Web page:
Welcome to the Wild at Heart Wildlife Refuge Centre!
As a non profit organization, Wild at Heart depends on the generosity of our community to continue our mission to professionally treat wildlife and educate about human-wildlife interactions. Your support helps us to treat nearly 800 wild animals annually by purchasing specialized formula, nutrient-rich diets, quality medical supplies, new equipment, and much more. Without you, Wild at Heart would not be here today. Thank you for your continued support.
This spring at Wild at Heart we had the great pleasure of raising three beautiful orphaned beaver kits.
These three kits arrived at the end of May. Noah, Penny and Tiny were sadly orphaned by human actions, as their mother was killed in a trap. Kits are born fully furred with their eyes opened and start swimming in calm rivers at just a few days old. The three of them, weighing between 450g to 600g on admission, were only one to two weeks old when admitted.
Beavers are very social animals, with a very strong family bond. In the wild, beaver kits will be raised by both parents and will stay with them for two years, helping to take care of the new offspring the following spring. When they reach two years of age, they will disperse to establish a new territory and start their own family.
Raising the little beavers was a delight but also a real challenge. Kits need to bond to their caregivers in order to start drinking from the bottle. That's why their three caregivers spent countless hours with them, feeding them every two hours, watching them swimming in their outside pool, and getting to know each of their personalities. Beavers are also extremely stubborn creatures and will only eat if the milk is at the perfect temperature, if they are held in the perfect position and if they are in the perfect mood! But even with that big attitude and strong mind, they were still quite sweet and would just curled up in our arms to fall asleep as soon as they finished their meal.
In our care, they thrived and grew quickly. They learned how to swim, dive, and groom themselves to get their fur waterproof in just a few weeks. We quickly started incorporating solid foods into their diet, such as rodent block, willow twigs and vegetables. At about two month old, the three of them were weaned off of formula and we were able to reduce our interactions with them to keep them as wild as possible.
Here you can hear the complaining sound beavers make to communicate:
Here is Penny enjoying some sweet potatoe for the first time:
- Story, photographs and videos provided by intern Adeline Charpin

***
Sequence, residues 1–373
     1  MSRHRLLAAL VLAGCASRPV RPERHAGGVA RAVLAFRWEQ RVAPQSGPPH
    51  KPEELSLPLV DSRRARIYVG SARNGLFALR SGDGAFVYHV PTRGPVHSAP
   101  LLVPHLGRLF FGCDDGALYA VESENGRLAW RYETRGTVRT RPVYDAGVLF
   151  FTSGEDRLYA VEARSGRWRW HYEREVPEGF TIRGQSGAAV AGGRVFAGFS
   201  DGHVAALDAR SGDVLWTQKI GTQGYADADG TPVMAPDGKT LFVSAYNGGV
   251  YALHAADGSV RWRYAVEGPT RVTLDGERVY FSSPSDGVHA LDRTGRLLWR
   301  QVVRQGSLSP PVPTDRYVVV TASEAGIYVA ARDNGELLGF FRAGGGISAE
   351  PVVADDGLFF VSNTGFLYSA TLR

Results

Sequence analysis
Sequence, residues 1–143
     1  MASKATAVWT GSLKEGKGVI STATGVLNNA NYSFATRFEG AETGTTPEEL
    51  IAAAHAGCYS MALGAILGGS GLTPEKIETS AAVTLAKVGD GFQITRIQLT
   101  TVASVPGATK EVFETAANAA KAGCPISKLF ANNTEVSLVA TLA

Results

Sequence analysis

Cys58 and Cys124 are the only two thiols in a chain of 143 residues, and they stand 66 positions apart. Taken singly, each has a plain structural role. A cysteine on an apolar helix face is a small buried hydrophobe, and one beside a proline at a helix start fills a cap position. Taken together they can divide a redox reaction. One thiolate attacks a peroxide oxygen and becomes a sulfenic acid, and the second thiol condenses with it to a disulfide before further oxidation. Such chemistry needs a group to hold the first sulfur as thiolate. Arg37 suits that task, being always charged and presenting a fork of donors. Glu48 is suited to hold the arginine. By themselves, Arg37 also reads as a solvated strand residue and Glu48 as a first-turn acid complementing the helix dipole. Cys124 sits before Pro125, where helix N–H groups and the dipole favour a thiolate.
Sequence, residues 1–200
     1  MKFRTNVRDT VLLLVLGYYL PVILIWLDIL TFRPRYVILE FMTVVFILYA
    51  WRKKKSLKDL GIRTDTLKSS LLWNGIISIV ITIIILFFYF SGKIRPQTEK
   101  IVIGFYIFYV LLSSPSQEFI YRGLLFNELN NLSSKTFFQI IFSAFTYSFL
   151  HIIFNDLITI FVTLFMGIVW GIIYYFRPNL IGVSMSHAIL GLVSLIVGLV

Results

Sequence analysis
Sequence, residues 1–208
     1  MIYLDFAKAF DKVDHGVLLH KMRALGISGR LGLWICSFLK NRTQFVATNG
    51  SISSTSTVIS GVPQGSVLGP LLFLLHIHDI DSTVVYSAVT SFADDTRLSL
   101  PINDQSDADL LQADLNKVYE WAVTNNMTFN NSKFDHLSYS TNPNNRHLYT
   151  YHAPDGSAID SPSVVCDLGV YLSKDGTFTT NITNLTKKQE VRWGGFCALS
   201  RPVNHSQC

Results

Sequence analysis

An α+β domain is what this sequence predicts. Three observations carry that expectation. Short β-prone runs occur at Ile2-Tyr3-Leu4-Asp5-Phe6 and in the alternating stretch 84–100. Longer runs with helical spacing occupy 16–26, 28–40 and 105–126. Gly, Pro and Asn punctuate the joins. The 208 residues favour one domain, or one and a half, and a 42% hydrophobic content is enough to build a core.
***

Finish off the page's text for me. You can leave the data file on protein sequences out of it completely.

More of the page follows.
We are looking for donations to help us finish the exterior of the Wild at Heart building and allow for a proper wheelchair accessible entry. Initial funding for the centre was only enough for a portion of the project but because of corporate partnerships and volunteer efforts, Wild at Heart was able to leverage this amount to actually get 90% of the project to completion. Exposure to the elements will cause some deterioration to unfinished areas. We would rather finish up the work rather than do repairs!
A proper entry to our educational area will allow us to develop our educational programming and enable the public to visit our centre. Please help us out. You can donate on line on our website: http://wahrefugecentre.org/ (on the left hand side) or at the centre: 95 White Road, Lively, Ontario.
This spring we received two moose calves that captured our hearts. Oliver, the famous Tim Horton's moose, came into our care in mid-May. Approximately one week later another calf, Sarah, arrived from Missanabie, brought in by two MNR officers after she was observed crying in the woods for two days - no mother in sight.
The two calves got along very well, and Oliver who was quite rambunctious, was very happy to have a friend to play with. In order to try to keep their natural fear of human as intact as possible, Oliver and Sarah were being taken care of, and had contact with only two assigned people. It was quite a commitment as when they first arrived they were fed 15-18 times a day, very small amounts of formula. Moose calves have very sensitive stomachs, and in the wild they suckle ~20 times daily from their mother. Their caregivers also had to sleep with them through the night, even though Oliver usually had a burst of energy around 1am, to the dismay of his two foster moms!
When Sarah arrived, she had bloodshot eyes, which indicated she did not receive colostrum from her mother. Colostrum is the first feeding a calf receives, and it contains antibodies to help protect the young from disease and infection. Her eyes lightened within 1-2 weeks, and we hoped for the best with her.
After roughly a month, Sarah was catching up to Oliver - she drank more formula than him, and although she came in much skinnier, she was starting to fill out. They were both thriving and growing up fast.
Here is a video of the two calves gallivanting around their enclosure: